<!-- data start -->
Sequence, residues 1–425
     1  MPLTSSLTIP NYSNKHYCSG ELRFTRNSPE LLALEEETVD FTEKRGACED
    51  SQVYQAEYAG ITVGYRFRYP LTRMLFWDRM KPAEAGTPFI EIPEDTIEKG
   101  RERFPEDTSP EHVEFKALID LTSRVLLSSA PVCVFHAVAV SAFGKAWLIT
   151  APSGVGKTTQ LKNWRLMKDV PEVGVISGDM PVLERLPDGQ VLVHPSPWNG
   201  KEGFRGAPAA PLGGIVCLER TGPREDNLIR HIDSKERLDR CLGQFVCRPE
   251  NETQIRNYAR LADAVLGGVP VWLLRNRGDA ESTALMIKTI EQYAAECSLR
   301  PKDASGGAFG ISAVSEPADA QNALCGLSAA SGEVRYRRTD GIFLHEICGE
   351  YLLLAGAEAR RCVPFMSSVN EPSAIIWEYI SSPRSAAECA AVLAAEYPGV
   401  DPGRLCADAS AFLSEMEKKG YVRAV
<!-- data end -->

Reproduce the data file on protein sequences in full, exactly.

Sequence, residues 1–425
     1  MPLTSSLTIP NYSNKHYCSG ELRFTRNSPE LLALEEETVD FTEKRGACED
    51  SQVYQAEYAG ITVGYRFRYP LTRMLFWDRM KPAEAGTPFI EIPEDTIEKG
   101  RERFPEDTSP EHVEFKALID LTSRVLLSSA PVCVFHAVAV SAFGKAWLIT
   151  APSGVGKTTQ LKNWRLMKDV PEVGVISGDM PVLERLPDGQ VLVHPSPWNG
   201  KEGFRGAPAA PLGGIVCLER TGPREDNLIR HIDSKERLDR CLGQFVCRPE
   251  NETQIRNYAR LADAVLGGVP VWLLRNRGDA ESTALMIKTI EQYAAECSLR
   301  PKDASGGAFG ISAVSEPADA QNALCGLSAA SGEVRYRRTD GIFLHEICGE
   351  YLLLAGAEAR RCVPFMSSVN EPSAIIWEYI SSPRSAAECA AVLAAEYPGV
   401  DPGRLCADAS AFLSEMEKKG YVRAV